Tuesday, March 11, 2014
By Steve Mistler email@example.com
State House Bureau
(Continued from page 1)
"A million dollars is a lot of damn money," Mills said. "It's not just where the money goes to, it's where they take it out of."
Budget documents show that the legal contingency funding would come directly from General Purpose Aid to school districts.
Rep. Mike Carey, D-Lewiston, questioned Education Commissioner Stephen Bowen about the proposal at a budget session last week. "Why are the suits expected and how was the dollar amount chosen?" Carey asked.
Bowen offered no specifics. On Monday, a spokesman for the department referred questions to LePage's communications staff.
In January, LePage said during a news conference that school districts had sent lawyers to Charter School Commission hearings. He also was highly critical of the commission for not quickly approving several applicants, and said some members were either intimidated or part of the public education "status quo."
"And frankly, I think (the commissioners), if they're afraid to do the job, if they can't put the students first, then they ought to resign," he said. "And quite frankly, I think we ought to go back to the Legislature and change that (commission) structure because that structure's failing us. It's run by the status quo."
Jana Lapoint, chairwoman of the commission, did not return a call seeking comment.
The Attorney General's Office now provides legal guidance to the Charter School Commission. A member of the attorney general's staff attends most public proceedings and is consulted by the commission.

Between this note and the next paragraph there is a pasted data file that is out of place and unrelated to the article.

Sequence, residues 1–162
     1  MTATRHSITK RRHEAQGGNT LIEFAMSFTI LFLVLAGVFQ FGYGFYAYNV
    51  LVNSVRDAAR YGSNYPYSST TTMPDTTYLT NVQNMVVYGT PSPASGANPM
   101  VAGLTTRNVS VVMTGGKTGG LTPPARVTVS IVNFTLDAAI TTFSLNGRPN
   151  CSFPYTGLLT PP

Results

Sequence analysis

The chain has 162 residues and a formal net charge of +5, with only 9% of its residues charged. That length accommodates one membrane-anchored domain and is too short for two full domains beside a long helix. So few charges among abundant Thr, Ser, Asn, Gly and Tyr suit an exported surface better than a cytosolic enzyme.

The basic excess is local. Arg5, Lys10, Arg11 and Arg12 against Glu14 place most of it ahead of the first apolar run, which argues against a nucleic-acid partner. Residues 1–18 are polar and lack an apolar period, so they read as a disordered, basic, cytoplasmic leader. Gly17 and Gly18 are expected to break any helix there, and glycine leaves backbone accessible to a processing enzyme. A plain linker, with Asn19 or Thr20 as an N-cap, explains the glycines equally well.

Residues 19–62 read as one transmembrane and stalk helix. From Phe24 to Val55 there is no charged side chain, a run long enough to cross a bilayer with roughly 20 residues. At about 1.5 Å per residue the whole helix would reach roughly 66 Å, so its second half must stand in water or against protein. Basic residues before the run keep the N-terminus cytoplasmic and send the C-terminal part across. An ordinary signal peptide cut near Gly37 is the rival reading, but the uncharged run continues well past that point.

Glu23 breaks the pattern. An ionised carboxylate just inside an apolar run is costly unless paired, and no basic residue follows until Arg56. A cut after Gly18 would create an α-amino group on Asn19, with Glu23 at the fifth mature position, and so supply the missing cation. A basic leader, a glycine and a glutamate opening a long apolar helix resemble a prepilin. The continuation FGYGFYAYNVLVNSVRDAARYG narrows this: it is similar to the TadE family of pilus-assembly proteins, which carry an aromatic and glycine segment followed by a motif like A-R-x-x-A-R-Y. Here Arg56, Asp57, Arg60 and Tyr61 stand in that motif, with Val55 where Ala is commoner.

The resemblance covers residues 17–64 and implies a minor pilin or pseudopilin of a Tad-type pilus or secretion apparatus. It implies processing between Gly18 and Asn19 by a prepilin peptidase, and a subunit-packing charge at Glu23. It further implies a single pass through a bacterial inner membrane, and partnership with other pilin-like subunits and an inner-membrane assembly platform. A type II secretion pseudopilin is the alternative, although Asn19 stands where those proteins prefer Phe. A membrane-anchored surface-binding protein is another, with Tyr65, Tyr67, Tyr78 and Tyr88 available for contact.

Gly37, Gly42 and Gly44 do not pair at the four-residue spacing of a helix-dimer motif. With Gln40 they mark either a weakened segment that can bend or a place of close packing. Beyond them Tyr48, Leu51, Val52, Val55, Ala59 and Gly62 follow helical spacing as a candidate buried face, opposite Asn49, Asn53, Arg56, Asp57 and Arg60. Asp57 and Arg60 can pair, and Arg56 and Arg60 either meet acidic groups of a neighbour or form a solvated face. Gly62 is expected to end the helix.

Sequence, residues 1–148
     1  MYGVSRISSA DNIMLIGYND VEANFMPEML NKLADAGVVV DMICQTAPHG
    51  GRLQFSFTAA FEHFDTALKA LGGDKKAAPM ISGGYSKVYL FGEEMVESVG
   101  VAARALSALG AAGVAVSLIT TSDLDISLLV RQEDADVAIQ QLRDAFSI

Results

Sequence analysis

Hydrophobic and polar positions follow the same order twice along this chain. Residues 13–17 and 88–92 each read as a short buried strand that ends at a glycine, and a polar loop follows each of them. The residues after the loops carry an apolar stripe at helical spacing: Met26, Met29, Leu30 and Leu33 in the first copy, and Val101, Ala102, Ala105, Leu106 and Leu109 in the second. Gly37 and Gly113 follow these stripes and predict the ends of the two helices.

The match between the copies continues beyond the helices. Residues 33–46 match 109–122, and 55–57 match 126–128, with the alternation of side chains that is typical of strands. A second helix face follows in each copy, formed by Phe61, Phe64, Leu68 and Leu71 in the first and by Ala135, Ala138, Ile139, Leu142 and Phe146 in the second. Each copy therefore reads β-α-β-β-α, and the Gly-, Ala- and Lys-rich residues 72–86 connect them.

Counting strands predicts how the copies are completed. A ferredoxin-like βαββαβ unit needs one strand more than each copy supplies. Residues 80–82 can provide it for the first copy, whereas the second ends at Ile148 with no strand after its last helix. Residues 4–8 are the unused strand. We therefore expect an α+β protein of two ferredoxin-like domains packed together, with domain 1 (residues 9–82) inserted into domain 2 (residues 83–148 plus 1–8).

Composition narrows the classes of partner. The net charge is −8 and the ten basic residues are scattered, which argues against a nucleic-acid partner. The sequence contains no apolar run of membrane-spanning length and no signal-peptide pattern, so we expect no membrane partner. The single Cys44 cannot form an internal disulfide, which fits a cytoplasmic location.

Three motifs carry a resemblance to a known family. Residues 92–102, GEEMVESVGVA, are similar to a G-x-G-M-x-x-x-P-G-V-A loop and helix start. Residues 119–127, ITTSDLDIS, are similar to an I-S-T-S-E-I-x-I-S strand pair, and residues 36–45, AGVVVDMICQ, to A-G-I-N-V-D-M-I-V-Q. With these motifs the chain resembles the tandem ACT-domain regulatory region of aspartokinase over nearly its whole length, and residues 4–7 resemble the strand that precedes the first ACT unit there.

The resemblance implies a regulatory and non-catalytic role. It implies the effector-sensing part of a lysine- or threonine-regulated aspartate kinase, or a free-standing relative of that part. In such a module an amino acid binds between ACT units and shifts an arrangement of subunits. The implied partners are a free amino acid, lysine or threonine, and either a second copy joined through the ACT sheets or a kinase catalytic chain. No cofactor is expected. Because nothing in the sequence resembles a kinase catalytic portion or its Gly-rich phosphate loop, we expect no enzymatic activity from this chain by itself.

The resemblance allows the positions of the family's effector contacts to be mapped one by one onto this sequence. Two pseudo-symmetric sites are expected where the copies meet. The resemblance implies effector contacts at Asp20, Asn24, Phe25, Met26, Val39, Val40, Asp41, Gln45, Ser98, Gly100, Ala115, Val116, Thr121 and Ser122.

Noting that Democrats voted for the charter school law that the Legislature passed in 2011, Mills said, "I don't think it's that partisan an issue."
And even if she disagrees with the LePage administration on a public policy matter, she said, her office is the state's legal department. "(Party differences don't) diminish our ability to represent state government," she said.
Steele, with the governor’s office, said the charter school debate could create a situation where it could be difficult to separate policy from politics. He noted Portland Mayor Michael Brennan’s recent request for the attorney general to review the application for Baxter Academy for Technology and Science to ensure that the commission properly vetted the application.
Mills has declined to comment on Brennan’s request. Lapoint called Brennan’s request “grandstanding.”
Nonetheless, the proposal to divert state aid to school districts for the legal defense of charter schools could add to an escalating political debate.
Steve Mistler can be contacted at 620-7016 or at